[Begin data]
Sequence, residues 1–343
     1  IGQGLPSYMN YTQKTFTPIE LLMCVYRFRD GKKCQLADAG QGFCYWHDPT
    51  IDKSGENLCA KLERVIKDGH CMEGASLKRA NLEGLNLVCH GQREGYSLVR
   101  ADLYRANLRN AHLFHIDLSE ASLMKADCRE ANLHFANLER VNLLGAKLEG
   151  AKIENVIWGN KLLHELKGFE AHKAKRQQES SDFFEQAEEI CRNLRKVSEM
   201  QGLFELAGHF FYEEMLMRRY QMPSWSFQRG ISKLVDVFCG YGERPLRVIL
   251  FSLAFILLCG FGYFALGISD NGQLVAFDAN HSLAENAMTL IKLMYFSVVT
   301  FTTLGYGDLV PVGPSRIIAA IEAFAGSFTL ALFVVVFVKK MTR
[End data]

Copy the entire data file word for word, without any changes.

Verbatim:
Sequence, residues 1–343
     1  IGQGLPSYMN YTQKTFTPIE LLMCVYRFRD GKKCQLADAG QGFCYWHDPT
    51  IDKSGENLCA KLERVIKDGH CMEGASLKRA NLEGLNLVCH GQREGYSLVR
   101  ADLYRANLRN AHLFHIDLSE ASLMKADCRE ANLHFANLER VNLLGAKLEG
   151  AKIENVIWGN KLLHELKGFE AHKAKRQQES SDFFEQAEEI CRNLRKVSEM
   201  QGLFELAGHF FYEEMLMRRY QMPSWSFQRG ISKLVDVFCG YGERPLRVIL
   251  FSLAFILLCG FGYFALGISD NGQLVAFDAN HSLAENAMTL IKLMYFSVVT
   301  FTTLGYGDLV PVGPSRIIAA IEAFAGSFTL ALFVVVFVKK MTR